Groupon’s stock has been in a freefall ever since reaching its six-month high in February of $25.84. Since then, it has lost 67 percent after closing on Tuesday at a price of $8.31, and traded below $8 a share for the first time Wednesday — with no meaningful signs of slowing down. It seems that investors are beginning to realize that while Groupon is indeed a nice concept, it’s just not a sustainable business.
As it seems to be making a news 52-week low in each session, the only question is, how much time does it have left? Will it make it to another year?
As with Facebook before it, Groupon really had no discernible business to suggest that it was worthy of its valuation — yet it nonetheless reached as high as $31 a share.
The company provides a way for users to purchase deeply discounted vouchers for use at local businesses such as restaurants and salons, and in my case auto detail and even vacations. It seems that this was enough to get investors excited about its IPO prospects. But clearly it was a mistake.
The company first opened for trading on Nov. 4 at $20, reached its all-time high of $31.14 and closed its first session respectably at $26.11. Then immediately it seems panic set in as the stock quickly dropped to the low teens of $14.85 only a few weeks later. It seems investors had some doubts then.
What the market quickly realized is that not only are the company’s chances of earning a profit more in doubt, but competition is exceptionally fierce among existing titans such as Google, Amazon.com, and the aforementioned Facebook, as well as a rejuvenated Yahoo.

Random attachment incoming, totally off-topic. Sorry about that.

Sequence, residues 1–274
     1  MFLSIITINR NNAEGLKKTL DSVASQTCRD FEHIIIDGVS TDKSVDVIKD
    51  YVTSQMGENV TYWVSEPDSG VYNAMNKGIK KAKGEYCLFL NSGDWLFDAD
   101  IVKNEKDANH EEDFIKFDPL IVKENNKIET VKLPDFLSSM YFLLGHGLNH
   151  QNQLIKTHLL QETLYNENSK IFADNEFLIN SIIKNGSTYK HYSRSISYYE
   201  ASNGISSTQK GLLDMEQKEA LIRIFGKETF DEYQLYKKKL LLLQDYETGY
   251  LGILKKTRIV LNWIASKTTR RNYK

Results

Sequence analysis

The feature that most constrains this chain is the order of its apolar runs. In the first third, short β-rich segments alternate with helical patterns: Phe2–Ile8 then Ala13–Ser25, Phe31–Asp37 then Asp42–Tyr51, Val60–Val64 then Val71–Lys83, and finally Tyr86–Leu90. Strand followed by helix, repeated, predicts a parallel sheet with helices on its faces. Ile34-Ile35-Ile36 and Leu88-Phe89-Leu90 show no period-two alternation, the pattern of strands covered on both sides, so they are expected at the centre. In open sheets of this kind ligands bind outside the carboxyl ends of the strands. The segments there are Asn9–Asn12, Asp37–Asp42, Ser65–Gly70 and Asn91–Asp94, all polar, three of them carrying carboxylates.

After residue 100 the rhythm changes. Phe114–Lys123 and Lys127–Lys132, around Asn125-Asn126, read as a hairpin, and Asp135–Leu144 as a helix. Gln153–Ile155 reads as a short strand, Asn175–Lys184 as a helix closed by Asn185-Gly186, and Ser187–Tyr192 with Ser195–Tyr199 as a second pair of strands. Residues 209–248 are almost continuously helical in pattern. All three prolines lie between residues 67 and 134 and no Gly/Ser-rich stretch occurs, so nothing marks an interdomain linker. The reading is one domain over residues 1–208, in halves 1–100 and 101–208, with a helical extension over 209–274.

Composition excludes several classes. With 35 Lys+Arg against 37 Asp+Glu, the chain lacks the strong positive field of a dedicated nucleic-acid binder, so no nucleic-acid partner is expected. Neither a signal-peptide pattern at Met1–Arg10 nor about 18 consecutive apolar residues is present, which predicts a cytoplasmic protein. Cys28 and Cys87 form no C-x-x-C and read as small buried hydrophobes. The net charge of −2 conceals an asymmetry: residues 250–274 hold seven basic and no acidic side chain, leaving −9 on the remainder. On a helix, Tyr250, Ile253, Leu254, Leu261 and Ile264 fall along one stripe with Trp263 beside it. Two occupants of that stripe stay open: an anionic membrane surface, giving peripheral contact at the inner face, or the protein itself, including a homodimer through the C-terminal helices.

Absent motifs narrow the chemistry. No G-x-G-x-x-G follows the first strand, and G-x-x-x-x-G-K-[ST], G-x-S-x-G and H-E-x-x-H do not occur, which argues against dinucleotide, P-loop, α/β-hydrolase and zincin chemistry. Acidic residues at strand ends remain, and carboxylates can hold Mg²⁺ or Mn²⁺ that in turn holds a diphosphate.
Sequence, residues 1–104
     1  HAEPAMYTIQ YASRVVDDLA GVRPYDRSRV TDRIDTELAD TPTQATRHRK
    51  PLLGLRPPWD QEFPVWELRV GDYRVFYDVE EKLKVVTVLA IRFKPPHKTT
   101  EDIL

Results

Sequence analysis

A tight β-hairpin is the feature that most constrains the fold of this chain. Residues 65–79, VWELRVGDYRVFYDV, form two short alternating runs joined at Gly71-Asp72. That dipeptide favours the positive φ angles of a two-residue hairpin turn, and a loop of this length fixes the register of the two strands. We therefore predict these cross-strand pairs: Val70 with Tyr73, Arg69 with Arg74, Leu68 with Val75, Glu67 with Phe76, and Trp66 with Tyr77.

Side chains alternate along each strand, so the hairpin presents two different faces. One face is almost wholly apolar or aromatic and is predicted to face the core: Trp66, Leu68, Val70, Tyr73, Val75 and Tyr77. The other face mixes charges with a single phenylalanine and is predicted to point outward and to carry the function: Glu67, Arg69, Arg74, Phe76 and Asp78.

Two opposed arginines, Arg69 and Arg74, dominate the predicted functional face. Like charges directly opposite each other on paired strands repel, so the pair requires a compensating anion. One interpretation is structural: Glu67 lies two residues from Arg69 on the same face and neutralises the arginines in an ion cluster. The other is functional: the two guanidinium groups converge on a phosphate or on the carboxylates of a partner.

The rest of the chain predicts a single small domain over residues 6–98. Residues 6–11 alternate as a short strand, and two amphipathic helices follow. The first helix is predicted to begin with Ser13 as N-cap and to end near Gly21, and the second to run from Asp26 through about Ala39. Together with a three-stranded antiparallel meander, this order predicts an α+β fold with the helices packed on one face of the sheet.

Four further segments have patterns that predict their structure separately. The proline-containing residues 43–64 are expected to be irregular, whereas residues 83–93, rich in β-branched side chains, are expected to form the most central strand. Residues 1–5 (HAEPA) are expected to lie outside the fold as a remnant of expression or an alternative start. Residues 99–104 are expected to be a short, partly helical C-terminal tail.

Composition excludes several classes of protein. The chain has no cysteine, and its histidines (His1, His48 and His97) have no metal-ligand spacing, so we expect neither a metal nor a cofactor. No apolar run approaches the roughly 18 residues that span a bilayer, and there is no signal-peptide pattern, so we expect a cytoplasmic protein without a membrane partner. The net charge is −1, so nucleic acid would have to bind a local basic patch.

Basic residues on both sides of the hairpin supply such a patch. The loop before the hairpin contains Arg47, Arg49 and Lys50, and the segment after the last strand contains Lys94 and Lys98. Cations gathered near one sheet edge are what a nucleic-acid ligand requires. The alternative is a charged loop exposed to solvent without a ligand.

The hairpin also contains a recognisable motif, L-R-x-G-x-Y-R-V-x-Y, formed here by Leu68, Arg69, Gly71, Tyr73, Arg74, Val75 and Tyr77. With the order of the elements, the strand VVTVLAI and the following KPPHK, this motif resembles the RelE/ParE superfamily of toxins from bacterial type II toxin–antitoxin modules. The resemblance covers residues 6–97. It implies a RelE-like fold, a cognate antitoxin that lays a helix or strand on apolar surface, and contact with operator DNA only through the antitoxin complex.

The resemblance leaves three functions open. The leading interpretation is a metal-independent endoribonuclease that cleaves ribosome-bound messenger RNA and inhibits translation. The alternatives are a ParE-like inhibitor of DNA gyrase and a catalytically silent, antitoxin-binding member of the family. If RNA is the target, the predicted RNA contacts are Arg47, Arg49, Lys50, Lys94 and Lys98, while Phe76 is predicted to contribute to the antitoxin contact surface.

The chief concern among investors today is that it would take little to no investment at all from any of these names to launch a competing product to squash Groupon’s chances of survival. As with Facebook, its business model was relatively new, but investors placed more value on the idea rather than the execution.
Furthermore, Groupon continues to deal with a large percentage of disgruntled clients that have gotten unhappy with their deals and demanding refunds.
For this reason, I believe it would be a huge surprise if there is not a bankruptcy filing by this time next year from Groupon. Moreover, I don’t see it becoming an acquisition target either, because, as noted, not only does it lack any competitive advantage but it’s extremely low profit margin all but assures a path towards obscurity. Not to mention it would cost nothing to recreate (from scratch) what Groupon currently has.
CNBC has reached out to Groupon for comment.
On that note, a couple of years ago Google reportedly put up a bid to buy Groupon for $6 billion dollars — the company turned it down. Do you think they are regretting this decision today?
—By TheStreet.com Contributor Richard Saintvilus
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TheStreet’s editorial policy prohibits staff editors, reporters, and analysts from holding positions in any individual stocks. At the time of publication, Richard Saintvilus was long Apple.